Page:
The Franklin Planner: Organization and inspiration. (John Bradfield)

I feel like I’m fighting all the time — that is to say, all the time I do not have.

Time to exercise, time to cook. Time to take down the Christmas tree still sitting in my living room.

I don’t have time to call friends or answer mail. Time to think. Or, especially, just be still.

This is why buying my yearly planner in January is crucial. Because this year, I swear I’m going to get my arms around my time, my schedule, my life. Of course, I’m already off to a late start.

Desiree Tucker has been a professional organizer in Prince George’s County for 20 years.

Every year, people make resolutions around time management, she says. “It starts with, ‘I want to get organized.’ They may not know how to do that or where it starts.” But they say: “I just don’t have enough time in the day. Where can I get more? What can I cut out? How can you help me manage my time and my life?”

I tell her about my planner ritual. I go to Staples and grab a bunch of planners from the shelves, then sit and commune with them on the floor. They have to be purse-size, and no red or loud colors that might be a vexation to my spirit. The pages have to be light blue or olive, soft on the eyes, and have to have little sayings that sound kind of deep. The more in tune I am with my planner, the more harmony I will have in my life . . . or so the thinking goes.

Tucker is not feeling any of that. “Most people are going the way of Google Calendar, smartphones and iPhones to keep track of everything,” she says helpfully.

She can’t see me, but as she is talking, I give her the Aretha Franklin blinking-eyes-GIF face. Well, right, no doubt digital devices have built-in efficiencies, but I don’t know how to use those systems and I don’t have time to learn.

No matter. Tucker knows people who make paper work. They “go out and make it a yearly shopping trip to go and find a new planner. What’s coming out new? How can I make it better?” And even the devotedly analog can “incorporate some electronic devices into your life. It can start as simply as using timers and setting alarms for yourself” to keep you boundaried and get you where you need to be on time.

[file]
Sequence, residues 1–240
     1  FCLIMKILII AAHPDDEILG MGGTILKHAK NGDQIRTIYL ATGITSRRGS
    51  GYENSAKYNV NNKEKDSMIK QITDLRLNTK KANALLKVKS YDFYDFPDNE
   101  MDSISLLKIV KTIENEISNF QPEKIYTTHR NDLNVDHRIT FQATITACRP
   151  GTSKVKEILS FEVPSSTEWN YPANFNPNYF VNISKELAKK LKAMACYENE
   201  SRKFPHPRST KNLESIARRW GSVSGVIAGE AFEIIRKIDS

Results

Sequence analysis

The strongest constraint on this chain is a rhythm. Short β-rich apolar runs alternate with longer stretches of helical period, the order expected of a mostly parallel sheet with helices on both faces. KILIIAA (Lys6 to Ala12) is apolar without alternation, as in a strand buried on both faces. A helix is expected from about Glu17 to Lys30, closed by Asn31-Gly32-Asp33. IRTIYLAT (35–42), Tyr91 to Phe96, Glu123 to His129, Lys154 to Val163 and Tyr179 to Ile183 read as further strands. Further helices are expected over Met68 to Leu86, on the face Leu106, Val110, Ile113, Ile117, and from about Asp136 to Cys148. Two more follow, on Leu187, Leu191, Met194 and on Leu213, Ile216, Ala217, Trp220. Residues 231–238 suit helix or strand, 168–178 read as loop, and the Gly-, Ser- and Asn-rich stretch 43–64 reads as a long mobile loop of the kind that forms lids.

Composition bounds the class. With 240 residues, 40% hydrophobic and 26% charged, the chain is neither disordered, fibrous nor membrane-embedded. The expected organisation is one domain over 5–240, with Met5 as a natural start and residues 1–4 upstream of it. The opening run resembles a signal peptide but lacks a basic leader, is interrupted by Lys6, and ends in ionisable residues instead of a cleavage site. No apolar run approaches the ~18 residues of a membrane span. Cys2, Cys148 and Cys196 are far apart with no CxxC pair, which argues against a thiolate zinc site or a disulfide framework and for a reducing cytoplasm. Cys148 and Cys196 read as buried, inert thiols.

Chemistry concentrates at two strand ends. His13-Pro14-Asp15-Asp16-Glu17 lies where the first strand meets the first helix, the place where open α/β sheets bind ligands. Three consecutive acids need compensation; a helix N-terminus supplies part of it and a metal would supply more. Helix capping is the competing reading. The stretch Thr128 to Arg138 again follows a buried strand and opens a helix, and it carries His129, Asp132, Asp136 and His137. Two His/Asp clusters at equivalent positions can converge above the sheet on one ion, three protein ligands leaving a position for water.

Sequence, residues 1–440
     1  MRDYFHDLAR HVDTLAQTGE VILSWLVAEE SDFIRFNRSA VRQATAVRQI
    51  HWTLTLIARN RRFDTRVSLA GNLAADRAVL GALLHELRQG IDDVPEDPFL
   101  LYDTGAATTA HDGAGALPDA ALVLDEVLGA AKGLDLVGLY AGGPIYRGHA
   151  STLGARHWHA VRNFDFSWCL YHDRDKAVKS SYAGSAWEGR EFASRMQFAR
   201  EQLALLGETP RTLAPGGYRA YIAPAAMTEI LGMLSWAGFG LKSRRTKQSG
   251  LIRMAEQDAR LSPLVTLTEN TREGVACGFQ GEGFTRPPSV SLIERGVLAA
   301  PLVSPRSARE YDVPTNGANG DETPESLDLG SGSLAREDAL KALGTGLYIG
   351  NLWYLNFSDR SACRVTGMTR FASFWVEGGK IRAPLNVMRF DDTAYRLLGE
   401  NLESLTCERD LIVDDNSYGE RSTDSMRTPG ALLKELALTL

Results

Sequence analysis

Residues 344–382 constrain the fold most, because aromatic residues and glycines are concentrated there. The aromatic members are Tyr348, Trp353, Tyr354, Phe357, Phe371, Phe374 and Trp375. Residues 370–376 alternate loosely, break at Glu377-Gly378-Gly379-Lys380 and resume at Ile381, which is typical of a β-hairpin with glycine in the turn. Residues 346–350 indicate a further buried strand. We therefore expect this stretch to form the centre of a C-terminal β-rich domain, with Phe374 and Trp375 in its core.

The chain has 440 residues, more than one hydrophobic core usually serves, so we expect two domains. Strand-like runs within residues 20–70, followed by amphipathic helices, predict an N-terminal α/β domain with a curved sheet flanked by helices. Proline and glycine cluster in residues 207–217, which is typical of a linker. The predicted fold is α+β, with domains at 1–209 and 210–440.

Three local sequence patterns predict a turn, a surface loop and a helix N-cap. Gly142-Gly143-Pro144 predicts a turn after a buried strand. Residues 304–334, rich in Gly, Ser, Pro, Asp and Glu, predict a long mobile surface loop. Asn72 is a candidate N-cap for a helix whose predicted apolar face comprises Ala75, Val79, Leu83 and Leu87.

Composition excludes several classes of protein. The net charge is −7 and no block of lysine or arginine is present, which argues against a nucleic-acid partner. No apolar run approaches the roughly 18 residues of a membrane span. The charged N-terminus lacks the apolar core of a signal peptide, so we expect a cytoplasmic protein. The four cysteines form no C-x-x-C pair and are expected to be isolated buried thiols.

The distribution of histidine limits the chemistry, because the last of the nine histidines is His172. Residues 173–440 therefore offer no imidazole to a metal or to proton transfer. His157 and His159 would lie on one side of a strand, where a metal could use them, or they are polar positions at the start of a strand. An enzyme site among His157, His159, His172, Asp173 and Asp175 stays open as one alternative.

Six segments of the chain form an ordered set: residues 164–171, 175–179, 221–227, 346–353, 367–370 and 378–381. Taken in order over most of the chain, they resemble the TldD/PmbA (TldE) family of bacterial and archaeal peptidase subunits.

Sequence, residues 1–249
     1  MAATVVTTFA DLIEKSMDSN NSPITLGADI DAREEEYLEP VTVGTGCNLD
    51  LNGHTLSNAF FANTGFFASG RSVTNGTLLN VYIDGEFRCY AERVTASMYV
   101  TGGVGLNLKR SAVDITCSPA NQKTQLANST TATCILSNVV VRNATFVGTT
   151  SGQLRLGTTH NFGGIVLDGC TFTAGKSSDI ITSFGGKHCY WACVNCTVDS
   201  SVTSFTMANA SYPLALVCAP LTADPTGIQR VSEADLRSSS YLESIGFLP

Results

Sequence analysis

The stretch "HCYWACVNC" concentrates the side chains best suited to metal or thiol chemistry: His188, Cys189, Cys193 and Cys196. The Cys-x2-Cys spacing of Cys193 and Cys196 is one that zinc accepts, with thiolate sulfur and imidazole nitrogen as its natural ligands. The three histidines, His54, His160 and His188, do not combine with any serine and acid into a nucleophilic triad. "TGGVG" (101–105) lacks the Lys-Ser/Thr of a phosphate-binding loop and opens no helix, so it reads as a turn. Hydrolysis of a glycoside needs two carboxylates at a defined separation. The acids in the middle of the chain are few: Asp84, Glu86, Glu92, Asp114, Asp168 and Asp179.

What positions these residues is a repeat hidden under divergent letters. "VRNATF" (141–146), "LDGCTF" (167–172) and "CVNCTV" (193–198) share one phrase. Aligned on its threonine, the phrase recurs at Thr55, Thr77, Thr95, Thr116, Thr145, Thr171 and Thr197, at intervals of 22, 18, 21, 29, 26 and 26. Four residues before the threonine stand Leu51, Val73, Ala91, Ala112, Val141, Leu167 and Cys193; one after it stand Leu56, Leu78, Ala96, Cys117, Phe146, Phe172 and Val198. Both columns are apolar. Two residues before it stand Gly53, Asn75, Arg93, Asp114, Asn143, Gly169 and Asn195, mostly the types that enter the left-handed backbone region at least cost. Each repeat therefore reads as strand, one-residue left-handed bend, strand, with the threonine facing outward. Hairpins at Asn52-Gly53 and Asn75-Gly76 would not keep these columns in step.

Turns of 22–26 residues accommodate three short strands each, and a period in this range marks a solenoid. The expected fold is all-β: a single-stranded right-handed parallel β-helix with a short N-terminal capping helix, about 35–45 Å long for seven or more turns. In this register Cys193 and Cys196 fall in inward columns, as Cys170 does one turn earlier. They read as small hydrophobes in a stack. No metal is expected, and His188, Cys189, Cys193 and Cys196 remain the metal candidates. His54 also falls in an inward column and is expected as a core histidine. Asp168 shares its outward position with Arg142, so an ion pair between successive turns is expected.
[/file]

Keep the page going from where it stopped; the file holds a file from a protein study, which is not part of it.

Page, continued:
I am surprised to note that many of her suggestions are things I already do.

Allison Hodson, senior product manager at FC Organizational Products, which sells Franklin planners and calendars, says planners “offer that dream of getting your life in control.” They help people “feel organized, feel in balance. They create harmony and inner peace in their lives.” A planner routine helps you “set sights on your goals and helps you begin with the end in mind. You know what goals you need to achieve so you can kind of work backward, break those down into smaller goals, and even further into short-term goals that translate into daily tasks.”

As she talks, I find myself awash in new possibilities. Lulled into a “Best Life,” “Strongest Self,” “7 Habits” reverie. She doesn’t just talk about the process of it, but the feel. Pen and paper are tactile, Hodson says. There is something satisfying about making a list, then crossing something off. “For me, if I can write something down, it kind of instantly frees my mind to get to work and find out the ways I can achieve the goals, rather than try to remember what it was I needed to do.”

I tell her that sometimes I send notes to my future self in my planner. I’ll get a “Hello, are you feeling better?” from August. Or an “Are you married yet?” smiley face from April.

“It kind of turns into an accidental journal,” Hodson agrees. “An archival record of your life that you keep for years.” Her favorite entry was her first obstetrician appointment when she found out she was having twins.

I leave the conversation lifted but also confused. If I’m committed to a system, and I’m using my time-management tools the way I’m supposed to, then why, so often, am I gasping for air?

I return to something Tucker said, and I let it sink in. “Maybe you think you need help with time management, but there are only so many hours in the day and maybe you’re just overcommitted,” she says. She recalls something a mentor said: “You can’t manage time. You have to learn to manage yourself.”

I think about my schedule. Every day, I do some combination of writing, taking care of children, driving around the Beltway for my commuter marriage. All things that mean the world to me. And I realize part of making peace with time is also about making peace with the decisions I’ve made about the things that fill my life. Instantly, I feel some of the fight leave me.

Wow. That’s kind of deep. I think I’m going to write that in my planner.

For more by O’Neal, visit wapo.st/lonnae.